Pour my beers for my peoples under the stairs 
These years I got they names in my swears..."
- Nas (Kool G Rap's "Fast Life")

There may be no Nas without Kool G Rap, but it's visual lyrics like the bars above that make Nas consistently one of my favorite MCs of all-time. I'm on record saying Kool G Rap is one of the greatest lyricists of our generation, no question, but conceptually, he's lost me a few times over the years, so I'm glad Nas was there to pick up the torch. Just one man's opinion. Back to '95, here's a dope blend using Kool G Rap & Nas' "Fast Life" lyrics over K-Def & Larry-O (aka Real Live)'s "Larry-O Meets Iceberg Slick." Props to Step One & DJ Filthy Rich! You can check out more blends on Audiomack, more mixes via Mixcloud, and DJ Step One's site that has been flourishing for years at Only Built For ZShare Links. Opinion: do you think Buckwild's original production on "Fast Life" was the best fit for the track? Or, the Salaam Remi remix? Or, the Vinyl Reanimators remix? Or... ?

Tuesday, February 12, 2019

Recommended Reading: "Go Ahead In The Rain"


This is the 3rd book by Hanif Abdurraqib. It is a love letter to a group, a sound, and an era. It is called "Go Ahead In The Rain: Notes To A Tribe Called Quest." To be 100% honest, at the time of this post, I have not yet read this book. However, it is #1 on my Amazon shopping list & I've heard nothing short of amazing reviews by people I respect and thus, I absolutely consider this recommended reading. In Chapter 2, "Once Upon a Time In Queens," Abdurraqib says "...the first bits of hip-hop were born out of DJs breaking apart funk and disco beats and relegating every other sound to a graveyard until all that was left was the percussion, cut up into small, danceable portions for the people in the audience to sweat to." And so it goes... help me find my way. You can and should order the book HERE. If you've read it, drop a comment below with feedback.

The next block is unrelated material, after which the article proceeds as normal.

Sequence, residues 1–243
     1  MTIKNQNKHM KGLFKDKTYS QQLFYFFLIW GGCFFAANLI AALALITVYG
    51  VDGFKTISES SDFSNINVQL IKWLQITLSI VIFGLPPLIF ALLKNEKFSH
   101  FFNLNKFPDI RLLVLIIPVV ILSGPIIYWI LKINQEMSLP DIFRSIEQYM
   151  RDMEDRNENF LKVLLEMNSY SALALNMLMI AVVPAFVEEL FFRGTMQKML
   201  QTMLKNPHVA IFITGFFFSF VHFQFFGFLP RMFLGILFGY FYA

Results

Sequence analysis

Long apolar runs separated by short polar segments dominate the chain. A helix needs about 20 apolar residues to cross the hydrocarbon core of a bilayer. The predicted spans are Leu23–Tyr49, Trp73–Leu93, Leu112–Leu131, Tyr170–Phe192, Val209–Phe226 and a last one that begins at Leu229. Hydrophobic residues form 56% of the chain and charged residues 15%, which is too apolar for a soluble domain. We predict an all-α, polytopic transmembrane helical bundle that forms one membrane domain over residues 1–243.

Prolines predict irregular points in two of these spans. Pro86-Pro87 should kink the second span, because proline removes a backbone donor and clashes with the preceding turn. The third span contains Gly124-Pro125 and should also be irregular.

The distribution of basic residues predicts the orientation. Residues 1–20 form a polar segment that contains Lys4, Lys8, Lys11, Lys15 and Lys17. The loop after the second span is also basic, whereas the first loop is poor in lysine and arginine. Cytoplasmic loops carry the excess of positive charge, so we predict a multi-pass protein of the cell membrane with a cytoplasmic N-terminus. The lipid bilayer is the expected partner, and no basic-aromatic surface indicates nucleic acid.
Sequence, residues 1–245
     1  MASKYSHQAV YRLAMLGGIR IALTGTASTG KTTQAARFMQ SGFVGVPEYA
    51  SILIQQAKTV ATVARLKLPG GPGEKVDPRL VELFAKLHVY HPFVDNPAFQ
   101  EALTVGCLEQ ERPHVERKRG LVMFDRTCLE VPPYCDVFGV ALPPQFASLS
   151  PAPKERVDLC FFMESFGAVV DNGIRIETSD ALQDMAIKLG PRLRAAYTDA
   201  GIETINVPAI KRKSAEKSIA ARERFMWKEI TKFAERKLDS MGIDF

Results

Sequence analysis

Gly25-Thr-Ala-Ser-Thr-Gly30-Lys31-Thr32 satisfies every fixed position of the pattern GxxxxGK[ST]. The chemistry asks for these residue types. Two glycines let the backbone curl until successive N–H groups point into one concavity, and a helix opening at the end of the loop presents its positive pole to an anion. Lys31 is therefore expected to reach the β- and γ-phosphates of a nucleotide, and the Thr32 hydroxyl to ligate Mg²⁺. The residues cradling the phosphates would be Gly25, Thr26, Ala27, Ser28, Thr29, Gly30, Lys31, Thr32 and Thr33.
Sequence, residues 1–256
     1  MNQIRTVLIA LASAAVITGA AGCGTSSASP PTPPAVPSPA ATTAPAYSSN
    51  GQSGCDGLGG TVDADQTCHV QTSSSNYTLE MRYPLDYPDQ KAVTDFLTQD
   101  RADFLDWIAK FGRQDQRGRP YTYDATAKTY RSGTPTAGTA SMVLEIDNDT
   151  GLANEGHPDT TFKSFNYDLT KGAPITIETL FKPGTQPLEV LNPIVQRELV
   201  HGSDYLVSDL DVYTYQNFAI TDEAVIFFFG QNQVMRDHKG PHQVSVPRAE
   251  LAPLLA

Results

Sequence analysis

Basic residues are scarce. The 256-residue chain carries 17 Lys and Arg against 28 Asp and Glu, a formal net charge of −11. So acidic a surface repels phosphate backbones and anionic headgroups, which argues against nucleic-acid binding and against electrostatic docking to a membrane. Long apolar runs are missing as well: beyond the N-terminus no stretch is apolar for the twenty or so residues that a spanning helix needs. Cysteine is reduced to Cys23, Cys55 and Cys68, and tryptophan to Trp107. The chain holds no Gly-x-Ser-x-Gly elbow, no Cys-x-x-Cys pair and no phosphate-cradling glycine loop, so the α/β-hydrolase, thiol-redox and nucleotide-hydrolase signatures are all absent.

Friday, February 08, 2019

Ghostface Killah "Supreme Clientele" Feb 8, 2000


Championing the cause of Wu dominance, Supreme Clientele exemplifies Ghost's lyrical dexterity. While his thunderous light-speed delivery hasn't changed much, his jagged wordplay is at its zenith. One minute, he breaks down street survival tactics on "We Made It" (I ain't tryin' to waste my career on y'all / Even scuffle with you, waste gear on y'all / But if I got to go out / You know I'ma show out), then he takes you on a rough ride down memory lane as he reminisces about adolescent crushes on "Child's Play" (Pretty little Sally sat up by the tree trunk / She had an ass like Deborah Cox / Face like Lauryn / Waist like a coke bottle scorin'). Then there are those Ghostface-isms we love. Like on the muddy treat "One," where he brags about his "rhymes made of garlic" ... So will the Ironman & his clan ever decline? Ghost says it best: "You think I fell off the ledge / The legendary Ghost Dhini might be dead / Never!" - Vibe (April, 2000). 19 years later, still a gem of an LP.